Comedy and horror usually make for the best audience reactions when done right, and South Korea just excels at both. You knew what you were getting when you lined up for this one, and it does manage to deliver the laughs plus a healthy dose of zombie mayhem. Our main characters have not much going for them. They may not have enough brainpower to figure out the problem, but at least they’ll try to profit from it.
The Odd Family: Zombie on Sale was directed by Lee Min-jae who wrote it with Jung Seo-in. A zombie (Jung Ga-Ram) shows up in the town of Poongsan. After biting the patriarch of the Park family, Man-duk (Park In-Hwan), he’s found in the garage of their gas station. Naturally, the family does the decent thing and turns over the zombie to the authorities.
Ok, no – not exactly that.
Instead the Park family decides to profit from the incident by charging everyone foolish enough to try it for a bite from the zombie. However, even as car mechanic Joon-Gul (Jung Jae-Young) and pregnant frying-pan-wielding wife Nam-Joo (Uhm Ji-Won) see this as a chance to make money and bring back the gas station, their extended family has other plans. University-graduate brother and master of fiendish plans, Min-Gul (Kim Nam-Gil), is scheming to steal the zombie and mass-produce the bite effects. But youngest sister bunny-killing Hae-Gul (Lee Soo-Kyung) has develop a crush on the zombie she has now lovingly named Jjong-Bi.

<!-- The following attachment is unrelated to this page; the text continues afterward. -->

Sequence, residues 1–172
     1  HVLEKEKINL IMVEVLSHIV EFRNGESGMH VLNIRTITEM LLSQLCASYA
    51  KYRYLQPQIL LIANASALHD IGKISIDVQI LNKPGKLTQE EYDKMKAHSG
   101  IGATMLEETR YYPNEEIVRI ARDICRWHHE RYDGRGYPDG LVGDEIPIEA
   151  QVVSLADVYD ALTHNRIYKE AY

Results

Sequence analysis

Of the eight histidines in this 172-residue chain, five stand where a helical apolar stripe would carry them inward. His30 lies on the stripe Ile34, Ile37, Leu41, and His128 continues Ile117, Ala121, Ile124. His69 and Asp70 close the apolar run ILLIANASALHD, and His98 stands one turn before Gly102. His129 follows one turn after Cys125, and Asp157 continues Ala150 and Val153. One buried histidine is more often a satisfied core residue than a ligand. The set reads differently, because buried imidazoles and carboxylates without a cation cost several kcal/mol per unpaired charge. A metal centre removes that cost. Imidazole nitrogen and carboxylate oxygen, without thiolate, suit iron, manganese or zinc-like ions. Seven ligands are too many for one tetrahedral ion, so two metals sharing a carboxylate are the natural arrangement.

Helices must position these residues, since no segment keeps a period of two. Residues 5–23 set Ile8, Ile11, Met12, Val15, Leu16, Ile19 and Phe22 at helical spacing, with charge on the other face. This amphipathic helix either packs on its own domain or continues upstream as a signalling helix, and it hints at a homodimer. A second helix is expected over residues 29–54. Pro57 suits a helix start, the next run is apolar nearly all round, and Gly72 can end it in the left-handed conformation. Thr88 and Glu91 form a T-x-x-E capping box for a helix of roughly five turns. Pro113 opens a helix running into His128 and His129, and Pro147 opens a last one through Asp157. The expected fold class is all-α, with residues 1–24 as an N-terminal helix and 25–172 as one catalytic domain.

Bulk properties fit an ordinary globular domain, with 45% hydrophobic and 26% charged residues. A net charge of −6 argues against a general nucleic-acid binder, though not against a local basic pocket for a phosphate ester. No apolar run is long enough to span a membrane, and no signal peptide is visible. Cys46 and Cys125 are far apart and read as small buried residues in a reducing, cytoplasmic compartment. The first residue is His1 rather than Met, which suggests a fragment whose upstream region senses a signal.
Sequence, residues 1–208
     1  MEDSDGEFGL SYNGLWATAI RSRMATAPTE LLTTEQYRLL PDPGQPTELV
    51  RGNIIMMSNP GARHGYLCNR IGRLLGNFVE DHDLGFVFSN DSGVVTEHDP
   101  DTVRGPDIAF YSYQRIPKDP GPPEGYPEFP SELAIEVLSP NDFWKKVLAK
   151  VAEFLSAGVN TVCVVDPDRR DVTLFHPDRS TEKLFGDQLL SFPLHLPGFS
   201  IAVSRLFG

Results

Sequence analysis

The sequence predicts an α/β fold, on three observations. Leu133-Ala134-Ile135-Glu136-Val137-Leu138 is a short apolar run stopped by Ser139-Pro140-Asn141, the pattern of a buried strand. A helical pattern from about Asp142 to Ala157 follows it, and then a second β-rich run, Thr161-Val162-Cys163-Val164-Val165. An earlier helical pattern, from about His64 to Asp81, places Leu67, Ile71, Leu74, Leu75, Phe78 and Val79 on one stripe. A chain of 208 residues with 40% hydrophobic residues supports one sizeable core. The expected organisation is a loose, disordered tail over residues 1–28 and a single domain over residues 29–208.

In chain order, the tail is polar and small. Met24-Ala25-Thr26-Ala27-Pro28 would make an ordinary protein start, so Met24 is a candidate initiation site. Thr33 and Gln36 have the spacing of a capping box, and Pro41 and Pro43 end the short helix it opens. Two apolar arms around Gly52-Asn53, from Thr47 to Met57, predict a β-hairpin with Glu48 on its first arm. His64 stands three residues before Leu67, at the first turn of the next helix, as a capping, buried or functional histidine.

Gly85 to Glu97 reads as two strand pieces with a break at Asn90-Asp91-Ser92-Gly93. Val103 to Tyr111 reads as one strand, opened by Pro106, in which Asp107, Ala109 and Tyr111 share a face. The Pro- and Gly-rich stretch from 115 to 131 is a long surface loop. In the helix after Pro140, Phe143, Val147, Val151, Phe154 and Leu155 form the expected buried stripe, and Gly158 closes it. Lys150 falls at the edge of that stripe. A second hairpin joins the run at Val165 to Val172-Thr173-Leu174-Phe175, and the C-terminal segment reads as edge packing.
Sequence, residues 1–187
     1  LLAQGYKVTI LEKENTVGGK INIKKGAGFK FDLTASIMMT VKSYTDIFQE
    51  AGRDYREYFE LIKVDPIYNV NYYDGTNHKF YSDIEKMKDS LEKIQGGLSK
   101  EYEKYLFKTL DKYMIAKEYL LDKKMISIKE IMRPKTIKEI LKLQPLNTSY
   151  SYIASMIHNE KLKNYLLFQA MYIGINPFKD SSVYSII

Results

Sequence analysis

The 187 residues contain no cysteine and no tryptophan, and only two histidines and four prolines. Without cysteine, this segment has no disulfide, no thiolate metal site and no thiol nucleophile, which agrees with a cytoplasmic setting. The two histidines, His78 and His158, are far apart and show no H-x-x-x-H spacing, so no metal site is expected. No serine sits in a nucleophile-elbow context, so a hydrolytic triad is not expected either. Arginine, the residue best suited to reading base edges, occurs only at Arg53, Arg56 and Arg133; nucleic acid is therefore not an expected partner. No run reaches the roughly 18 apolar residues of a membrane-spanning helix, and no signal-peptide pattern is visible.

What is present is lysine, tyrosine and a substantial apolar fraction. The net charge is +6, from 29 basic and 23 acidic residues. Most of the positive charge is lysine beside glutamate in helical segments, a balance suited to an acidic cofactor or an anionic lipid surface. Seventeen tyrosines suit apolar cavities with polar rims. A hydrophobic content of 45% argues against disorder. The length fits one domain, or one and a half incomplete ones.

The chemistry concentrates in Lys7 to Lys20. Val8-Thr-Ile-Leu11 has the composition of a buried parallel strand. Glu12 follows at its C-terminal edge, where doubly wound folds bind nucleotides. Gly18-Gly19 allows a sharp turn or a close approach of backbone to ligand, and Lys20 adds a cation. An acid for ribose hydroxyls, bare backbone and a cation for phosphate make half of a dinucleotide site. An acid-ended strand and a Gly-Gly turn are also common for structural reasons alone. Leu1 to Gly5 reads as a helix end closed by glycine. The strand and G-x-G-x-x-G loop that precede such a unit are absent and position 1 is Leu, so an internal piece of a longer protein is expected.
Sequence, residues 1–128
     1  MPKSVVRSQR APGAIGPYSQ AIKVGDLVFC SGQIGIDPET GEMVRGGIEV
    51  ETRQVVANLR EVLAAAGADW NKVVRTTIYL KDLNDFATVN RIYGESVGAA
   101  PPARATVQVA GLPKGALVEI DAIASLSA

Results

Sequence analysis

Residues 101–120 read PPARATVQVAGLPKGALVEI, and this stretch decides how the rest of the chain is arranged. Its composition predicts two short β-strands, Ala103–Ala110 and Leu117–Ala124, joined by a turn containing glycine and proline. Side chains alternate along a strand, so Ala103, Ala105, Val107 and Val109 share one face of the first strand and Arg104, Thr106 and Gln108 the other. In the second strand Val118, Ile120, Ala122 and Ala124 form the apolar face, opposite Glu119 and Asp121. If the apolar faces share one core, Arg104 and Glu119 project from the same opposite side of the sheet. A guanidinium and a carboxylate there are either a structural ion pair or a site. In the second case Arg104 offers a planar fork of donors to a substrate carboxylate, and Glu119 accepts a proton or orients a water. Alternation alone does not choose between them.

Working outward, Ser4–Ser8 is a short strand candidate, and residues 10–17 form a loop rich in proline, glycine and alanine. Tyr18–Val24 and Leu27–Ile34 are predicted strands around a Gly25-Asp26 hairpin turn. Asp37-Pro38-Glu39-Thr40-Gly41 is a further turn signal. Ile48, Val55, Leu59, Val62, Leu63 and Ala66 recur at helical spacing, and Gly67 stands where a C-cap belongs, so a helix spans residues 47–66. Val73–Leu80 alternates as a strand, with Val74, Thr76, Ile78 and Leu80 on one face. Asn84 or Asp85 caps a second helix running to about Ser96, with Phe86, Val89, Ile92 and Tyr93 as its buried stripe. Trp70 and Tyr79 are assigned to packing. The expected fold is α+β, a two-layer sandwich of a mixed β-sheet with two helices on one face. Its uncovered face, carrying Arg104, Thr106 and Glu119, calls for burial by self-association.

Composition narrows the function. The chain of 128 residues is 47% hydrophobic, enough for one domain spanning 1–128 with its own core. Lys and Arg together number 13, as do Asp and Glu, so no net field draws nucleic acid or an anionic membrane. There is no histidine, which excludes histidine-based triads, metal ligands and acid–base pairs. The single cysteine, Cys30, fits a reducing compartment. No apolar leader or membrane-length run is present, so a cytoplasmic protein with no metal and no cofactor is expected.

The comedy works for the most part. There’s a few instances in which the movie walks the line between the characters been annoyingly endearing and plain annoying. Fortunately, we have enough characters to switch to back and forth. The horror is primarily subdued even though the film does up the ante as the virus spreads and the horde multiplies. Actually, this is a good thing since it happens once the original premise is starting to run aground.
Lightly recommended with reservations. It’s mainly a comedy film that works overall and has the zombie outbreak to fall on when things are starting to drag. The characters are endearing but sometimes can walk the line between funny annoying and plain annoying. It does get a second wind once all hell breaks loose but thankfully it knows to reach a satisfying conclusion once its material has run out. Definitely a good popcorn movie to see with an audience seeking a few laughs, but hardly a film you can watch alone or need to see more than once.
That will do for now.